KPD fields questions from firearm group about gang violence

10:05 AM, Apr 3, 2013   |    comments
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KPD Investigator Jim Quick gives a presentation to the local TFA chapter

Knoxville police say they responded to a half-dozen shootings in recent days, during which seven people were injured. 

The violence has prompted several questions from 10News viewers wanting to know if the gunfire is related to gang violence, and how prevalent gangs are in Knoxville.

Earlier this week, KPD spokesman Darrell DeBusk said gang violence is not a major problem in this area. Also, KPD has not announced that any recent shootings are gang-related.

KPD reports the number of shootings in the first three months of this year is actually lower when compared to the same time last year. From January to March 2012, KPD responded to 21 shootings, with three homicides. This year, the number of shootings is 19, with three homicides.

Still, some East Tennessee residents are curious about the violence and its possible connection to gangs. Several weeks ago, the local chapter of the Tennessee Firearms Association requested a guest speaker from law enforcement to discuss the issue at the group's April monthly meeting.

Tuesday evening, TFA members got their opportunity to ask questions.

Jack Bissette wanted to learn more about drugs and gangs.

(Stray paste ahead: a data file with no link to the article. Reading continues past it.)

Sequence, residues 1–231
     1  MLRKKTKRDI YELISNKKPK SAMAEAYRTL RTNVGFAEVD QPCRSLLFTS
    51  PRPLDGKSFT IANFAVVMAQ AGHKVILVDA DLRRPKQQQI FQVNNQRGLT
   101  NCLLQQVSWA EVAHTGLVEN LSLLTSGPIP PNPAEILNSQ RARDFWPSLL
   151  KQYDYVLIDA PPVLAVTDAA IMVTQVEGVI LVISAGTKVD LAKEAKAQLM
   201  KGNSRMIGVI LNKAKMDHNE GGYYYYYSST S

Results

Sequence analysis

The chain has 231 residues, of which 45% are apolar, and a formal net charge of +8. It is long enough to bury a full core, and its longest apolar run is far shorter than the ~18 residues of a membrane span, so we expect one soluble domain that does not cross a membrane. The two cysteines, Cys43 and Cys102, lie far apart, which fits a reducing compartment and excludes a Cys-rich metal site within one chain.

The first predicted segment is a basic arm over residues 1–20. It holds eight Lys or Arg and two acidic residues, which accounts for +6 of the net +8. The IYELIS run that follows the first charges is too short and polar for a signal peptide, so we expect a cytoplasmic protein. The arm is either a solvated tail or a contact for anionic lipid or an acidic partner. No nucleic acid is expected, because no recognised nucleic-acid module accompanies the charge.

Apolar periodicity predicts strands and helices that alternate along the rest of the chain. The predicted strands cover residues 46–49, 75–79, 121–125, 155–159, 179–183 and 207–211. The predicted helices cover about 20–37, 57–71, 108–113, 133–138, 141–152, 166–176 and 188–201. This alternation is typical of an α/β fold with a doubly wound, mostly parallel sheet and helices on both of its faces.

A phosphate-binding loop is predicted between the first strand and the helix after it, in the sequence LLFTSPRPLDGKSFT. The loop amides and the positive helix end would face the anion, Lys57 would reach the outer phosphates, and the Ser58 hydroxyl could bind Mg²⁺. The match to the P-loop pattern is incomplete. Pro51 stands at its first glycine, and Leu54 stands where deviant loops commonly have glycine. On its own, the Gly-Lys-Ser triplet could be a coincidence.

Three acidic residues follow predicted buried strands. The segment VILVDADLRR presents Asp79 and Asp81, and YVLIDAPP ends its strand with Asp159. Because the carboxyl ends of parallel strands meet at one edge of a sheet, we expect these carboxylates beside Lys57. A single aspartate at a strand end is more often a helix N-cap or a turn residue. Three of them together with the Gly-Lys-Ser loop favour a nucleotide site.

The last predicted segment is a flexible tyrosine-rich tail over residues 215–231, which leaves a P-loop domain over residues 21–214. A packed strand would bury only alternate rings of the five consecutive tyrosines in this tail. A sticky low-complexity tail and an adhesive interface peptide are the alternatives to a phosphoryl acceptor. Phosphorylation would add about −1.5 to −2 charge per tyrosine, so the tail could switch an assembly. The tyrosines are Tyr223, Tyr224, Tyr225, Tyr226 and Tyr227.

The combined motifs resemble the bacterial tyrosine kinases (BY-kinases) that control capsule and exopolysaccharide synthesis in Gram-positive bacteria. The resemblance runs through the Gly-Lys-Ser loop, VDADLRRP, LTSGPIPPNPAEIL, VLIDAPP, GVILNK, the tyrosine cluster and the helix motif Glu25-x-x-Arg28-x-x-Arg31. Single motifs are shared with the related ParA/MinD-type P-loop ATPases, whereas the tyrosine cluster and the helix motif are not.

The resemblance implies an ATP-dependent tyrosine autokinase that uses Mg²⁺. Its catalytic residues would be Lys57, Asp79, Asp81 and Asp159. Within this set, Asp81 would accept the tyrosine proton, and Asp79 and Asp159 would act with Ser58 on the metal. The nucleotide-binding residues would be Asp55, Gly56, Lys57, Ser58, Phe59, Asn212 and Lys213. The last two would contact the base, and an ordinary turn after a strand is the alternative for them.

"I just saw something recently in Fox News about the drug cartel from Mexico coming into the southeast United States," he said.

"I'm landlord, and I rent properties," explained another member, Ray Bergeron. "And if I were to have somebody looking to see if they can rent from me and I could see them wearing the colors that indicate affiliation with a gang, I would not rent to them. I want to be aware of the situation that might be coming about before I have to react to it."

Jim Quick, an investigator with the KPD Gang and Intelligence Unit, gave the group an hour-long presentation about area gang affiliations, symbols, and demographics. Quick says there are about 1,100 adult gang members in the Knox County area, and about 150 juveniles involved in gang activity.

Among those numbers, he says about 98 percent are male, and 60 percent are between the ages of 20 and 30 years old. Quick's data shows 55 percent of local gang members are black, 40 percent are white, and three percent are Hispanic.

As he fielded questions, Quick also reaffirmed KPD's earlier statement about the issue.

"It's a low percentage if you're talking about total crime in Knoxville," he said, then added, "But in my opinion, if you've got any gang crime it's a problem."

After the speech, TFA members spoke about what they will take away from the discussion.

"I've seen some of the graffiti not too far from my house. So that makes me think, okay, we need to be more cautious about these folks," said member Liston Matthews.

"The fact that there could be a lot of our youth that's being affected," said Bissett. "Distantly, the 'wannabes' per-say, even though they may not be an organized gang."

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